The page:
While Bed Bath & Beyond may grow earnings into the future, The Motley Fool has an much better way to grow your wealth: invest in a groundbreaking company that goes on to dominate a multibillion-dollar industry. Sounds tough, but our analysts have found multi-bagger stocks time and again. And now they think they've done it again with three stock picks that they believe could generate the same type of phenomenal returns. They've revealed these picks in a new free report that you can download instantly by clicking here now.

Natalie O'Reilly has no position in any stocks mentioned. The Motley Fool recommends Bed Bath & Beyond. Try any of our Foolish newsletter services free for 30 days. We Fools may not all hold the same opinions, but we all believe that considering a diverse range of insights makes us better investors. The Motley Fool has a disclosure policy.

1 Key Step to Get Rich

Our mission at The Motley Fool is to help the world invest better. Whether that’s helping people overcome their fear of stocks all the way to offering clear and successful guidance on complicated-sounding options trades, we can help.

Feb 1, 2016 at 4:54PM

To be perfectly clear, this is not a get-rich action that my Foolish colleagues and I came up with. But we wouldn't argue with the approach.

A 2015 Business Insider article titled, "11 websites to bookmark if you want to get rich" rated The Motley Fool as the #1 place online to get smarter about investing.

"The Motley Fool aims to build a strong investment community, which it does by providing a variety of resources: the website, books, a newspaper column, a radio [show], and [newsletters]," wrote (the clearly insightful and talented) money reporter Kathleen Elkins. "This site has something for every type of investor, from basic lessons for beginners to investing commentary on mutual funds, stock sectors, and value for the more advanced."

Our mission at The Motley Fool is to help the world invest better, so it's nice to receive that kind of recognition. It lets us know we're doing our job.

Whether that's helping the entirely uninitiated overcome their fear of stocks all the way to offering clear and successful guidance on complicated-sounding options trades, we want to provide our readers with a boost to the next step on their journey to financial independence.

Articles and beyond

As Business Insider wrote, there are a number of resources available from the Fool for investors of all levels and styles.

In addition to the dozens of free articles we publish every day on our website, I want to highlight two must-see spots in your tour of

For the beginning investor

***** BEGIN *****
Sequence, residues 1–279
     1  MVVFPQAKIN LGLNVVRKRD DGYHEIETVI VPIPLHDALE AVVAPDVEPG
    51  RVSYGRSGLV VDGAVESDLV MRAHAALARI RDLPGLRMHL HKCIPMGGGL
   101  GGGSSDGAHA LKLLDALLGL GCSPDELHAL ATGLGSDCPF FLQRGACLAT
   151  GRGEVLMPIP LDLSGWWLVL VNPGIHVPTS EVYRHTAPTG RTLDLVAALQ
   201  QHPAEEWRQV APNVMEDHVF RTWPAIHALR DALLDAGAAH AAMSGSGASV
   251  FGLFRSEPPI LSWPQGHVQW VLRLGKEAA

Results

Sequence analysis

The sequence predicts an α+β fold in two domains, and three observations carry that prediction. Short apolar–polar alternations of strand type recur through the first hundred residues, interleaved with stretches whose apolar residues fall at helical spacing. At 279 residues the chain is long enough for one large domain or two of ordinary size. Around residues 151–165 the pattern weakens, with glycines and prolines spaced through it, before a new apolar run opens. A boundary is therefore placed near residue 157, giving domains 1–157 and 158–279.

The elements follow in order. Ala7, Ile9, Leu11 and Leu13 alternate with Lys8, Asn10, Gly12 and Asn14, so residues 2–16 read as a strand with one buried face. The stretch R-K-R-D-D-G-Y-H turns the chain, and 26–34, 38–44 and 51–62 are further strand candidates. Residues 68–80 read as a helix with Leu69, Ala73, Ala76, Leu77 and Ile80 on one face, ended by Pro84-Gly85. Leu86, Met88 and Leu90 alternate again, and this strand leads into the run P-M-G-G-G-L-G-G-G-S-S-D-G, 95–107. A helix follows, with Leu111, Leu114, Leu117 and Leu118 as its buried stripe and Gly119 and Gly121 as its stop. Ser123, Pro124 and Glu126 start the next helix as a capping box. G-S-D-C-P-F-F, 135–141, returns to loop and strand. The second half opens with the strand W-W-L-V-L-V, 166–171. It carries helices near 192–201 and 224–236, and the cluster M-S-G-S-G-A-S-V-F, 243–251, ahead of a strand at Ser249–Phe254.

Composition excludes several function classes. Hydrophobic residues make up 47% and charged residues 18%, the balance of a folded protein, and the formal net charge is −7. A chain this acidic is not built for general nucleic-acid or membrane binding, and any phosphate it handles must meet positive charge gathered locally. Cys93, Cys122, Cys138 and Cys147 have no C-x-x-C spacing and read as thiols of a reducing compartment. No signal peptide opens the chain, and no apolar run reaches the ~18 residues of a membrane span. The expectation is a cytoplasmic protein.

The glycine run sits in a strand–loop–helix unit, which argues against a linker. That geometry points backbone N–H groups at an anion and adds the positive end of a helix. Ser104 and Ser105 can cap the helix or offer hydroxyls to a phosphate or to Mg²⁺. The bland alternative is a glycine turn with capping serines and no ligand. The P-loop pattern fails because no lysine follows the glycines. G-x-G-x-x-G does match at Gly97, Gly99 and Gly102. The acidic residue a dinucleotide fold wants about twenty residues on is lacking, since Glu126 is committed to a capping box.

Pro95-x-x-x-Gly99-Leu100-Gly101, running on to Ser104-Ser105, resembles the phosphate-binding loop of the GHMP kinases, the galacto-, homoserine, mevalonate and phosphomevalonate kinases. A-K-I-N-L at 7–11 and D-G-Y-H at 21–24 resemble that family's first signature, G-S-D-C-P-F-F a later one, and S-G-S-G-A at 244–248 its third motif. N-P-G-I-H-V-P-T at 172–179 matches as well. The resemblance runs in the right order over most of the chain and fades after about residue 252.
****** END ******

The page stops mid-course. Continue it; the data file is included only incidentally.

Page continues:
Investing can seem like a Big Deal to those who have yet to buy their first stock. Many investment professionals try to infuse the conversation with jargon in order to deter individual investors from tackling it on their own (and to justify their often sky-high fees).

But the individual investor can beat the market. The real secret to investing is that it doesn't take tons of money, endless hours, or super-secret formulas that only experts possess.

That's why we created a best-selling guide that walks investors-to-be through everything they need to know to get started. And because we're so dedicated to our mission, we've made that available for free.

If you're just starting out (or want to help out someone who is), go to, drop in your email address, and you'll be able to instantly access the quick-read guide ... for free.

For the listener

Whether it's on the stationary exercise bike or during my daily commute, I spend a lot of time going nowhere. But I've found a way to make that time benefit me.

The Motley Fool offers five podcasts that I refer to as "binge-worthy financial information."

Motley Fool Money features a team of our analysts discussing the week's top business and investing stories, interviews, and an inside look at the stocks on our radar. It's also featured on several dozen radio stations across the country.

The hosts of Motley Fool Answers challenge the conventional wisdom on life's biggest financial issues to reveal what you really need to know to make smart money moves.

David Gardner, co-founder of The Motley Fool, is among the most respected and trusted sources on investing. And he's the host of Rule Breaker Investing, in which he shares his insights into today's most innovative and disruptive companies ... and how to profit from them.

Market Foolery is our daily look at stocks in the news, as well as the top business and investing stories.

And Industry Focus offers a deeper dive into a specific industry and the stories making headlines. Healthcare, technology, energy, consumer goods, and other industries take turns in the spotlight.

They're all informative, entertaining, and eminently listenable ... and I don't say that simply because the hosts all sit within a Nerf-gun shot of my desk. Rule Breaker Investing and Answers contain timeless advice, so you might want to go back to the beginning with those. The other three take their cues from the market, so you'll want to listen to the most recent first. All are available at

But wait, there's more

The book and the podcasts – both free ... both awesome – also come with an ongoing benefit. If you download the book, or if you enter your email address in the magical box at the podcasts page, you'll get ongoing market coverage sent straight to your inbox.

Investor Insights is valuable and enjoyable coverage of everything from macroeconomic events to investing strategies to our analyst's travels around the world to find the next big thing. Also free.

Get the book. Listen to a podcast. Sign up for Investor Insights. I'm not saying that any of those things will make you rich ... but Business Insider seems to think so.

Compare Brokers